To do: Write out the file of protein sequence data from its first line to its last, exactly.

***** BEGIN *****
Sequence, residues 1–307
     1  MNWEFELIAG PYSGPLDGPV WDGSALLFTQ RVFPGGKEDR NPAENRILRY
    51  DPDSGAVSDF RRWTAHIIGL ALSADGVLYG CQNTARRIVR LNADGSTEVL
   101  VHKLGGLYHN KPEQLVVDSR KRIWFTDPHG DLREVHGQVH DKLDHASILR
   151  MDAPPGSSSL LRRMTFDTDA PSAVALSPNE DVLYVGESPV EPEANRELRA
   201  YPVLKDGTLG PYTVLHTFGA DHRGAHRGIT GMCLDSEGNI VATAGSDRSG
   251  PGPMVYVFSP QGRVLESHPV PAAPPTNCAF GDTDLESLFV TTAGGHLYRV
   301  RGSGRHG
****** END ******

Sequence, residues 1–307
     1  MNWEFELIAG PYSGPLDGPV WDGSALLFTQ RVFPGGKEDR NPAENRILRY
    51  DPDSGAVSDF RRWTAHIIGL ALSADGVLYG CQNTARRIVR LNADGSTEVL
   101  VHKLGGLYHN KPEQLVVDSR KRIWFTDPHG DLREVHGQVH DKLDHASILR
   151  MDAPPGSSSL LRRMTFDTDA PSAVALSPNE DVLYVGESPV EPEANRELRA
   201  YPVLKDGTLG PYTVLHTFGA DHRGAHRGIT GMCLDSEGNI VATAGSDRSG
   251  PGPMVYVFSP QGRVLESHPV PAAPPTNCAF GDTDLESLFV TTAGGHLYRV
   301  RGSGRHG